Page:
City Council approves creation of Parking Authority |

City Council approves creation of Parking Authority

Laney Griffo

SOUTH LAKE TAHOE, Calif. — The South Lake Tahoe City Council on Tuesday voted to create a Parking Authority.

The main purpose of its creation is to allow for the Joint Powers Authority to continue operation. The JPA was created in 1989 to give participating agencies, including the city, assistance in financing capital improvement projects.

South Tahoe Redevelopment Successor Agency was also a part of the JPA but its existence will end in about 15 years. The JPA can’t exist without at least two parties, hence the creation of the Parking Authority.

In addition to keeping the JPA active, the Parking Authority will have the power to own, maintain, acquire, and finance public parking facilities.

Several members of the public expressed concern about the possibility of paid parking coming back to the city with the creation of this authority.

City Manager Joe Irvin assured the public that while the city is in need of a parking needs study, paid parking will not be an issue the authority tackles anytime soon.

Council voted 4-0 to create the authority, with Councilmember Tamara Wallace being absent. During the council’s next meeting, staff will bring back articles laying out the authority’s exact purpose and role.

Master Fee Schedule

The council also discussed changes to the Master Fee Schedule. Almost all facility rentals are seeing increases, with the exception of public showers and rentals for nonprofits and youth sports organizations.

Facility day use fees are not seeing increases nor are the swimming programs or use of the golf course. The ice arena is seeing a few increases.

Senior citizens have discounts for recreation use but Councilmember Cody Bass asked that veterans also be given discounts.

The majority of the increases are in the development services department for various permits. Councilmember John Friedrich said he’d like to see a greater increase in fines for trash, litter, unsuitable trash containers and putting trash out too early.

The item was a presentation only, no action was taken.

Storm drain pipe condition report

Council heard the results of the underground storm drain pipe condition assessment. The city has pipes made of corrugated metal, plastic and concrete. The focus of this study was to look at the metal pipes, since they are older and have a shorter life span.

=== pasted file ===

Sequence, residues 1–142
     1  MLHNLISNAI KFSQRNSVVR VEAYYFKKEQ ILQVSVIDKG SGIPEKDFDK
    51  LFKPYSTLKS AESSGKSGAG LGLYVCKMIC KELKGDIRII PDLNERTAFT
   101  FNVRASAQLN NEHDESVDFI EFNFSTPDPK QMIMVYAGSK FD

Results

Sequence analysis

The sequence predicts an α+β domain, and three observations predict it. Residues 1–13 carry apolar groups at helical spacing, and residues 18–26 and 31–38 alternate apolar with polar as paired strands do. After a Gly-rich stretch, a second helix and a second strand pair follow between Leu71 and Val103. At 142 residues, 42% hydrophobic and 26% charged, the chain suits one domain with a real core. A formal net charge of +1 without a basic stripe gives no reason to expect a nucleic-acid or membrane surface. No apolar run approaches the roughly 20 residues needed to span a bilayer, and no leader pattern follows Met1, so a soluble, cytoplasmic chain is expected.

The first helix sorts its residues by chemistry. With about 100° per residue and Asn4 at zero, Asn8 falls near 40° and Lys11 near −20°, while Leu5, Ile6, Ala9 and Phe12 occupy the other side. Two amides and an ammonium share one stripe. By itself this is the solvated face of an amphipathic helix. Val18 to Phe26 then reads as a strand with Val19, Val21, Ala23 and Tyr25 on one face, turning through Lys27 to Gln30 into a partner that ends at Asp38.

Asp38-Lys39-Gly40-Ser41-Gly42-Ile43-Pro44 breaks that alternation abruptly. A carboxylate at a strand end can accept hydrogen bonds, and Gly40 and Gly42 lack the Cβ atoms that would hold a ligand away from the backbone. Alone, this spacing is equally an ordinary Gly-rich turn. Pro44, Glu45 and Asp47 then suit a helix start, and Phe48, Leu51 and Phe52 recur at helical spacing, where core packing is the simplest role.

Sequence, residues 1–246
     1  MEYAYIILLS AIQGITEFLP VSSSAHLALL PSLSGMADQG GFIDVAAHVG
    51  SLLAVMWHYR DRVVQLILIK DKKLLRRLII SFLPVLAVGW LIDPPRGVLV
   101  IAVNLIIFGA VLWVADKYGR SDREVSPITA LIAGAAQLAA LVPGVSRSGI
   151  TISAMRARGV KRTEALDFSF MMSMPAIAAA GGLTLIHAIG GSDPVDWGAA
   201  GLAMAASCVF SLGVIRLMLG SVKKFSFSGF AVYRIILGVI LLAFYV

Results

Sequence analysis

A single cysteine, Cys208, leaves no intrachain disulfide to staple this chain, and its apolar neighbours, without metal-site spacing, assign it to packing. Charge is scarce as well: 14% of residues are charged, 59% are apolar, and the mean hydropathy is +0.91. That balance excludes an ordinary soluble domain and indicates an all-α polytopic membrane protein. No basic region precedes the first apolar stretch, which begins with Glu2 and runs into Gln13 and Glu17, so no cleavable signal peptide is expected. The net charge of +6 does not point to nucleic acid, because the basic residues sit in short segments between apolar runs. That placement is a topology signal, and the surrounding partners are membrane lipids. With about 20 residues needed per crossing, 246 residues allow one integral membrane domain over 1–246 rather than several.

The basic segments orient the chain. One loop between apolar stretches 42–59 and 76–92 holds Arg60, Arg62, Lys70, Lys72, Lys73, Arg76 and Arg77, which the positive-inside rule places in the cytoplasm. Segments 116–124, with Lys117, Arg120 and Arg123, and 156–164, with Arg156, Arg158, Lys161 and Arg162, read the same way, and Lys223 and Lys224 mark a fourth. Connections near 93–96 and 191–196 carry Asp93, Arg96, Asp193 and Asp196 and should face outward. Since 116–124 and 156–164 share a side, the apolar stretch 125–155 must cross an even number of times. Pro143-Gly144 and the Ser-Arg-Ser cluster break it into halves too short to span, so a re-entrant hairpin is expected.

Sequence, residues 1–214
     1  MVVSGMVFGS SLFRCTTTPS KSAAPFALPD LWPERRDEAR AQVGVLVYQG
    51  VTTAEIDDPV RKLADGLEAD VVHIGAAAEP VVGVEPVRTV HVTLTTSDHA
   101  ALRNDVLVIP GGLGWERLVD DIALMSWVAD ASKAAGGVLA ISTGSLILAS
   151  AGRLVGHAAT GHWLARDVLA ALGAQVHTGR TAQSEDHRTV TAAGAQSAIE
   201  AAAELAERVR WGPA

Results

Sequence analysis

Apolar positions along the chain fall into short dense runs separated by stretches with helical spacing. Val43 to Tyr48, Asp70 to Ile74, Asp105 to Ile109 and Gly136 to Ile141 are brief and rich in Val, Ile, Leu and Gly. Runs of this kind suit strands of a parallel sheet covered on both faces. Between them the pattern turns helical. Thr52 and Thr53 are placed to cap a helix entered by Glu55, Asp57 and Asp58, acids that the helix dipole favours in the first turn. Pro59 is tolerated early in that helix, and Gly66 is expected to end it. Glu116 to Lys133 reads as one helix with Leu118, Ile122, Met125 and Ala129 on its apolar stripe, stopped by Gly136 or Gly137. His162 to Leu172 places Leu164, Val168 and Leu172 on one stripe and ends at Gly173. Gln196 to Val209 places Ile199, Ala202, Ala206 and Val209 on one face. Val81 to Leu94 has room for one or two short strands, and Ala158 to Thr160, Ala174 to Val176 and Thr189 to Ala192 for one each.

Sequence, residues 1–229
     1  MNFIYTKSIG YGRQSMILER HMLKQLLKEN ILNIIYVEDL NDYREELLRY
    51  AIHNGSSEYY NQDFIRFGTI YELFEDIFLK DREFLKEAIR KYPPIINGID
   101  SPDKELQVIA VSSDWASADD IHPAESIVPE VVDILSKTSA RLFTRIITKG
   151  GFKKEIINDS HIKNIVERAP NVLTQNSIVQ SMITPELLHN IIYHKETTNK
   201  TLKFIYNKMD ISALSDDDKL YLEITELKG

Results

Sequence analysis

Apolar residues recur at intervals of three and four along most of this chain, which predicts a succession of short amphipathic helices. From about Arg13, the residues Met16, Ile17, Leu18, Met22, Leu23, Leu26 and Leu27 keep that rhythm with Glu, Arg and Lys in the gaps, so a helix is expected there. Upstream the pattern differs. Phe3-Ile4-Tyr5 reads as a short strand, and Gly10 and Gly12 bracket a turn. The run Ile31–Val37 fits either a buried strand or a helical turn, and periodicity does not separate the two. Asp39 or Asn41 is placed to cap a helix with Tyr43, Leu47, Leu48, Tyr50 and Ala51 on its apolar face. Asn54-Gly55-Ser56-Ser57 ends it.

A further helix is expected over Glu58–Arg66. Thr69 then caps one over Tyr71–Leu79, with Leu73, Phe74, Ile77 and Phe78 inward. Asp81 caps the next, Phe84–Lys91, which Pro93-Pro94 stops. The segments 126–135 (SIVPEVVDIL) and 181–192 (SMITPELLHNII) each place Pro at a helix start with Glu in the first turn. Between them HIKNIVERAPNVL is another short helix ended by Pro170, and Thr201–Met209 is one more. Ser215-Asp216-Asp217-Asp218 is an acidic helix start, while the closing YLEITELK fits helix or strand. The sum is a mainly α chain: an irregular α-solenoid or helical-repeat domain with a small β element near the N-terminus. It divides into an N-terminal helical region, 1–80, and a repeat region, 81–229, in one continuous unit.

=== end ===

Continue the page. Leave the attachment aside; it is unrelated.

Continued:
The assessment looked at 220 pipe segments, which accounts for about 10% of the pipes in the city. The study found 33 pipes that had significant defects or had failed, the majority of which are in Tahoe Keys, Highland Woods and Lakeside Park.

Staff said they’d be coming back with a request for $400,000 to start work on the more immediate concerns this summer but they need about $2.6 million to replace all the failing and failed pipes.

The pipes will be replaced with plastic in most places but pipes along evacuation routes will need to be replaced with concrete due to the possibility of plastic melting in fire.

Irvin said the request will be coming to council during the mid-year budget adjustment, which is scheduled for March 15.

Fire Update

South Lake Tahoe Fire Chief Clive Savacool presented the council with the 2021 annual report.

Savacool highlighted several difficulties the city faced. COVID-19 was still rampant in 2021 but SLTFR hosted several vaccination clinics, and vaccinated about 20% of the city’s population.

SLTFR also assisted with the Alisal, Dixie, Tamarack and Caldor fires. They were part of the strike teams for all four fires and for Caldor, they helped in other ways.

“We set up an information table at Safeway and talked with citizens about being prepared to evacuate safely and offered daily maps for the public to look at of the fire as it came closer to the Lake Tahoe basin,” the report stated.

They helped residents evacuate and protected homes.

“Every person had a role in this event. Some were on the front lines fighting the fight, others were behind the scene making sure the troops were fed, had what they needed, and spirits were high,” the report continued.

Overall, in 2021, SLTFR responded to 3,365 calls. The most calls were for emergency services (1,860), there were 512 calls for public assistance, 84 fire responses and 708 false alarms or others.

Savacool said the focus for the upcoming year will be fire prevention. Next week, they will be conducting interviews for the fire marshal position and they added two defensible space positions, all of which will help keep South Lake Tahoe fire ready.

They are also updating the emergency communication system.

“We are going to have, above and beyond, the best dispatch center in the area,” Savacool said.

While most citizens won’t see any day to day impacts from the updated system, they should experience faster response times.

Employee Recognition

New Regular City Employees:

Police Department

Kevin Schryvers – Police Officer

Jessica Neumann – Police Officer

Development Services

Jessica Wackenhut Lomeli – Associate Housing Planner

Service Awards:

Development Services:

Michelle Schoonveld – 5 Years’ Service

Police Department

Traci Trapini – 5 Years’ Service

Bonnie Harwood – 5 Years’ Service

Public Works

Joseph Nuckols – 5 Years’ Service

On the consent agenda, council approved the movable tiny home ordinance and a reimbursement agreement with South Tahoe Public Utility District for a water line replacement for the Bowers Project.

The council’s next meeting is scheduled 5:30 p.m. Tuesday, March 15.

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